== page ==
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The Daniel Pearl Investigative Journalism Initiative Programs


Initiative to expose prejudice—open to journalists ages 22-38

Moment Magazine’s Daniel Pearl Investigative Journalism Initiative (DPIJI) was established in memory of the 38-year-old Wall Street Journal reporter slain by terrorists in 2002. DPIJI provides grants to journalists ages 22 to 38 to research and write in-depth stories about a modern manifestation of anti-Semitism or any other deeply engrained prejudice. Each year, Moment—with the help of an advisory board of journalists—selects one DPIJI Fellow, who receives $5,000 ($2,500 upfront and $2,500 upon publication) to produce a story. Fellows work closely with Moment editors and selected mentors to publish their completed project in Moment as well as partner media outlets. DPIJI is open to applicants of all faith backgrounds and countries. Stories must be written in English. Members of the DPIJI Advisory Board include journalists Wolf Blitzer, Sarah Breger, Nadine Epstein, Linda Feldmann, Martin Fletcher, Glenn Frankel, Robert S. Greenberger, Mary Hadar, Amy Kaslow,  Bill Kovach, Charles Lewis, Sidney Offit, Clarence Page, Steven Roberts, Amy E. Schwartz, Robert Siegel, Paul Steiger and Lynn Sweet.

Moment Magazine was founded in 1975 by late Nobel Peace Prize laureate Elie Wiesel and the late writer Leonard Fein. It is led by Nadine Epstein, its editor and publisher, who established the DPIJI in 2010 with the help of Ruth and Judea Pearl and Wall Street Journal reporter Robert S. Greenberger. Moment—an award-winning independent North American magazine that covers the Jewish world and beyond—is a forum for a diverse range thought and is dedicated to combatting prejudice of all kinds. If you’d like to learn more about Moment, click here to receive a free print or digital issue.


“The [DPIJI Fellowship] goes above and beyond other similar reporting grants in the partnership with experienced editors—my editing partners helped take my piece from routine to outstanding. The efforts the Moment staff made to publicize my story helped it get one of the biggest audiences of any story of my career, setting me up to get more great work. “—Eve Fairbanks,  2013 DPIJI fellow & author of A House Divided


Application process:

To apply, please send an email to including:

  • Your name, date of birth and contact information
  • Your resume
  • Three clips from a print or digital publication, including at least one long-form story
  • A description of your story proposal, including how you plan to execute it
  • Two recommendations, one from an editor about your work as a journalist, and one from a journalist or scholar about the content of your proposal.

DEADLINE: May 15, 2017

List of Selected Previous DPIJI Stories:

Shadows in the Golden Land by Cameron Conaway, (September/October 2016) tells the story of the Rohingya Muslims—considered by some the most persecuted minority in the world—who are confined to camps in Myanmar. Shadows in a Golden Land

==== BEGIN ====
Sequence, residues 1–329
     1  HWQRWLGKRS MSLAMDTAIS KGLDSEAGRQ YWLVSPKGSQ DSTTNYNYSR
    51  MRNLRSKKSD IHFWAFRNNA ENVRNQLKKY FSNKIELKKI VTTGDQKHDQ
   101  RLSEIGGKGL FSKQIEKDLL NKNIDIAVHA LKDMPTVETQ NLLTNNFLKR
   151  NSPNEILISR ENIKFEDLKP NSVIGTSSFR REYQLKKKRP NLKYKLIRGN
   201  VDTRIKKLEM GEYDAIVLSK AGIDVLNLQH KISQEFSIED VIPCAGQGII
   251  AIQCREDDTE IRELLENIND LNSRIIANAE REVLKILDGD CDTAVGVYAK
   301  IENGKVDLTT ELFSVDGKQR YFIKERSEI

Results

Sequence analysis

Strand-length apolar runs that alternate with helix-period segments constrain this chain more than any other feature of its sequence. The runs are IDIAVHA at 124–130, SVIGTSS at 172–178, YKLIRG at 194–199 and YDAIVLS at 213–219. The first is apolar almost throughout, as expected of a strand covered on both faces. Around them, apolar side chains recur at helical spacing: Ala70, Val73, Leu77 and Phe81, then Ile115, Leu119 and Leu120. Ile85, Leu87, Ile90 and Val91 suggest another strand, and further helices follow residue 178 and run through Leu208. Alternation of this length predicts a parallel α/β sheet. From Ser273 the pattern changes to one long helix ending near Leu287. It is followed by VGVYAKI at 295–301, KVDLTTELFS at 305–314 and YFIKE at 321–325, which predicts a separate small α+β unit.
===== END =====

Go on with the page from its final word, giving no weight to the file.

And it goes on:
Birthright Denied by Jacob Kushner, (September/October 2015) reported on the Dominican Republic’s efforts to take away citizenship from tens of thousands of Haitians who were born in the country—a decision that reminded some as “uncomfortably similar to the Nuremburg Laws—which codified Hitler’s racial ideology, depriving German-born Jews of German citizenship.” Birthright Denied

A House Divided, by Eve Fairbanks (May/June 2013), which tells the story of the integration and subsequent re-segregation of the dorms at the University of the Free State in Bloemfontein and how racial attitudes changed on both sides as they did. Her story was nominated for the Livingston Award. A House Divided

The New Normal by DPIJI finalist Brian Schaefer, which explored the roots of prejudice against homosexuals in Judaism and gay life in Israel. His story was nominated for the Livingston Award. The New Normal

An Olympian Struggle, by Emily K. Alhadeff, (July/August 2012), told about the nation’s first and only boycott of Israeli products by a food co-op and the fierce personal, community and legal battle it ignited in Olympia, Washington, the hometown of Rachel Corrie. An Olympian Struggle

About Moment:  For more than four decades, Moment readers have participated in a spirited conversation about life from a Jewish perspective—a conversation that started more than 5,000 years ago. They like us because we’re different—we’re non-denominational, totally independent, and utterly committed to excellent journalism. We transcend ideology and allow for a genuine exchange of ideas. We’re always up-to-date in the latest in Jewish culture, politics and religion. Moment was founded in 1975 by Nobel Peace Prize Laureate Elie Wiesel and writer Leonard Fein. Its editor and publisher today is journalist Nadine Epstein.